Mahalaya Amavasya, also known as ‘Sarva Pitru Amavasya’ is an auspicious day for Bengalis, which is being observed today, 6th October. As per the Hindu calendar, the celebrations of Mahalaya begin a week before the Durga Pooja celebrations and fall on the last day of ‘Pitru Paksha’.
According to Hindu mythology, Maa Durga was created on this day by Brahma, Vishnu and Maheshwar to successfully vanquish the demon king Mahishasura. King Mahishasura was blessed with immortality i.e., no god or human could kill him. Attaining the benediction, Mahishasura attacked the Devtas, jeopardizing the Devlok. Stranded by the defeat, the Devas along with Lord Vishnu, prayed to Adi Shakti to safeguard the Devas from the clutches of the demon king. Hindus believe that a divine light transpired from the bodies of the Devas and took the form of Maa Durga.
The battle between Goddess Durga and Mahishasura continued for nine days and on the tenth day, Mahishasura’a life came to an end, declaring the victory of the goddess.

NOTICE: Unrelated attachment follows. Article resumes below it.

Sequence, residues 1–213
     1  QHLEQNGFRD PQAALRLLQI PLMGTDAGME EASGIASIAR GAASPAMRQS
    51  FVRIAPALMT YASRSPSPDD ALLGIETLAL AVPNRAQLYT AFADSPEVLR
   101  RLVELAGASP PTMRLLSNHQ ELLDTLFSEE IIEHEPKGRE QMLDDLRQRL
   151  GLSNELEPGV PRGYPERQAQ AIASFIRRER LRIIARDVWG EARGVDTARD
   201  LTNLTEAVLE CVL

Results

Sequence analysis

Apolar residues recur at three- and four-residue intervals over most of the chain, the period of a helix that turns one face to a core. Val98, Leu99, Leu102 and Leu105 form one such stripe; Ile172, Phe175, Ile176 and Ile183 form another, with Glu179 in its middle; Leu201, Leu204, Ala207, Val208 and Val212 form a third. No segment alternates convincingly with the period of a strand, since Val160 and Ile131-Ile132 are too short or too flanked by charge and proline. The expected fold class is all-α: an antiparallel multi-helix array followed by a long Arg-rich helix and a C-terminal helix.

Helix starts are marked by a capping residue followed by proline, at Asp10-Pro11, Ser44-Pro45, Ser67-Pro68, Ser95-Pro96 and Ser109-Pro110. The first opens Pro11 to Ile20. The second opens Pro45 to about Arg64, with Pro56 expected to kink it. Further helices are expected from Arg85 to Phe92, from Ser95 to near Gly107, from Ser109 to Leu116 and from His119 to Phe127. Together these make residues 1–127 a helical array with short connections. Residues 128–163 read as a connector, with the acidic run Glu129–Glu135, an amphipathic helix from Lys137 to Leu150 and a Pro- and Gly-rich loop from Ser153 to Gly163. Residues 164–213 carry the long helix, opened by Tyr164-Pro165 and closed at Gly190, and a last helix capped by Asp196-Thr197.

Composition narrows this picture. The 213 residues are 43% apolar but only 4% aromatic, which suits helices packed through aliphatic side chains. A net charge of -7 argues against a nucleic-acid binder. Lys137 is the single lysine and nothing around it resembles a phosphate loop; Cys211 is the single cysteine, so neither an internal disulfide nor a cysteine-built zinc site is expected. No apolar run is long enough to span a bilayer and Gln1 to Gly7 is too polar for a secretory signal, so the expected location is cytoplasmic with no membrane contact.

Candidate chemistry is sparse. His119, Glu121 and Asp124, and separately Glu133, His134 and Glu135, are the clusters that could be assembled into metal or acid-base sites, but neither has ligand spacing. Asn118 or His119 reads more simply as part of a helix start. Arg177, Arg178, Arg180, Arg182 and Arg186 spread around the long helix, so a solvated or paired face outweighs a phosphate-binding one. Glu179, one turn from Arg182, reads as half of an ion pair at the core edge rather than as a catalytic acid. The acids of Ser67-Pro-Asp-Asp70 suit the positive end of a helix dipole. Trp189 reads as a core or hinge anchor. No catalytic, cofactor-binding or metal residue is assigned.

Marking the triumph of the goddess, the devotees celebrate the festival for ten days with great pomp and fervour. The devotees believe that the goddess arrives on earth from Kailash Parvat on this day.
To pay reverence to the venerable, an auspicious pooja is performed. The devotees wake up early morning to worship the goddess and sing ‘Chandipath’, listen to ‘Mahishasura Mardini’ or religious mantras. The sculptors make Goddess’s eyes and fill colours in them. Several people mark this day to remember their ancestors. On the morning of Mahalaya Amavasya, devotees first bid farewell to their ancestors and in the evening Durga Pooja steps on Earth to bless the devotees.
This festival is celebrated in West Bengal, Odisha, Karnataka and Tripura with great zeal and devotion.